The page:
Hayden James (00:24:33) – But that was the last time I wore one. And I think because of having that good understanding of like normal versus abnormal blood sugar spikes, I just found it really fun and interesting and I even I so I work in diabetes, a lot of my coworkers have diabetes like most of them have like type one. And so one of my friends who is my coworker, like I was like, I just want you to chug like 32oz of soda or lemonade or something. And so I live in Utah soda shops or like a thing here like this, but like the fancy soap where they put the syrups and the cream and all that good stuff. And I remember getting, like, a 32 ounce and chugging it and my blood sugar, I think it spiked like one 8190, but it seemed like it came right back down, even though I was still drinking it like the blood sugar didn’t like, stay high or keep spiking because I was nursing this 32oz of drink over, like, you know, 10 or 15, 20 minutes or it took me to drink it.


Hayden James (00:25:31) – But yeah, I, I honestly didn’t find it, like, too exciting.


Emily Field (00:25:36) – Yeah, that’s exactly what you would expect. You or somebody who doesn’t have an issue with insulin or glucose or your pancreas in any way. So your body is responding to the stimulus of having more sugar. And so it’s executing as you would expect it for sure.


Hayden James (00:25:50) – Yeah, I would say one of the interesting parts about wearing it was so I do a lot of skiing. And one morning this was like 6 a.m.. So it’s like single digits. Keep in mind, when ski touring with some friends, I kind of try to guesstimate how many carbs I ate before I had like 75g of carb worth of two small scones, blood sugar spikes. I was like, oh, this is great. Spiking right before I’m about to be active. And then like 15 minutes into ski touring, my blood sugar plummets to 54, which technically still kind of normal, but that amount of spike and that fall is abnormal. But I was not symptomatic at all and I just waited it out.


Hayden James (00:26:33) – So I was like, well, it’s no skin off my back. My my blood sugar is probably going to do what it needs to do. And it just walked right back up.


Emily Field (00:26:39) – So would you say that’s an indication of what you’re saying about the interstitial fluid maybe not being as accurate? Or do you think your body you actually did plummet that low. It read that low and your body responded the way it should.


Hayden James (00:26:51) – I’m not sure. So part of the issue could be that I don’t know if the cold, how cold it was, even though I had layers on, did that affect it? We know that the skin temperature, like different things, can affect CGM readings like even I think like pH levels can affect the CGM reading placement. Like I think lag reads. Is it higher? I wrote this down because leg reads lower values typically than the arm. But yeah, oxygen concentration, pH levels, skin temperature can affect it. So I’m like, well did it just get really cold and like and it’s reading lower because it was just even though it’s not blood sugar.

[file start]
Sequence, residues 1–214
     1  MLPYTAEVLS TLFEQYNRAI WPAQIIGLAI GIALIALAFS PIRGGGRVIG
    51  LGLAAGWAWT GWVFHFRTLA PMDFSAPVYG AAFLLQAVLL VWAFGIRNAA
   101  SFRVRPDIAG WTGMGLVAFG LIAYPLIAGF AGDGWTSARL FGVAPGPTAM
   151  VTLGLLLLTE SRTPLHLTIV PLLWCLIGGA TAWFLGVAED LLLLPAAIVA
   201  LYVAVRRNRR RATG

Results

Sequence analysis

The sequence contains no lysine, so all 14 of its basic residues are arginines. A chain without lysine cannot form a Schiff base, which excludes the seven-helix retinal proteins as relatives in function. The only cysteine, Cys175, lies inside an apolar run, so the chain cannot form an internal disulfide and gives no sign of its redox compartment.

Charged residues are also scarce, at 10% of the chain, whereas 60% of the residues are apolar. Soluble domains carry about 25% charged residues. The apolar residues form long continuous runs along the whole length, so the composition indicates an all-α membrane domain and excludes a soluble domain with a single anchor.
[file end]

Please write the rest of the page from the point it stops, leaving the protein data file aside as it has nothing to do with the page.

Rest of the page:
Hayden James (00:27:30) – But if there wasn’t a lot of blood flow there.


Emily Field (00:27:32) – Yeah that’s a really good point. Yeah.


Hayden James (00:27:34) – Or did I actually go that low? And I had a little bit of rebound hypoglycemia where I spiked my blood sugar with a lot of sugar, and I just had too good of an insulin response. So much insulin was released, it pulled too much sugar out of the bloodstream and cause hypoglycemia, a combination of those things. I thought it was interesting, but then it popped right back up to normal and that was it. Yeah.


Emily Field (00:28:01) – So overall, you’re saying it’s boring. You know, you wearing a CGM is pretty boring just because your blood sugar responds the way that you would expect it. Are there any times that you’ve done any experimentation with like liquids versus solids or mixed meals versus isolated carbs? I mean, you just said you did like refined sugar in order to spike your blood sugar on purpose before exercise. Like what kind of experiments, if any, did you do?


Hayden James (00:28:25) – Yeah. So I did the lemonade thing and that was 32oz of lemonade.


Hayden James (00:28:28) – And I was just sitting at work like I was sitting all day and it spiked, but it came right back down. Which. Right. That’s what it’s supposed to do. If someone doesn’t have any sort of insulin resistance going on, then we expect that to happen. Just like as we age, we get a little more insulin resistance. So 45 years or older, yes, I would expect things to be a little bit higher than a 20 something year old or early 30 something year old. But yeah, that was my experience. Yeah.


Emily Field (00:28:59) – I wore a CGM as well. It’s probably been about 18 months or two years ago as well. I was gifted the tech and I can’t even remember which company I was not should find that information circle.


Hayden James (00:29:12) – Or was it a rectangle?


Emily Field (00:29:13) – It was a oblong little rectangle.


Hayden James (00:29:16) – Oh, it was probably a Dexcom. Dexcom?


Emily Field (00:29:18) – That’s exactly what it was. Yes. And I found, you know, as a data interested person, you know, I say this all the time, like somebody who’s kind of attracted to a macro tracking sort of world is interested in data.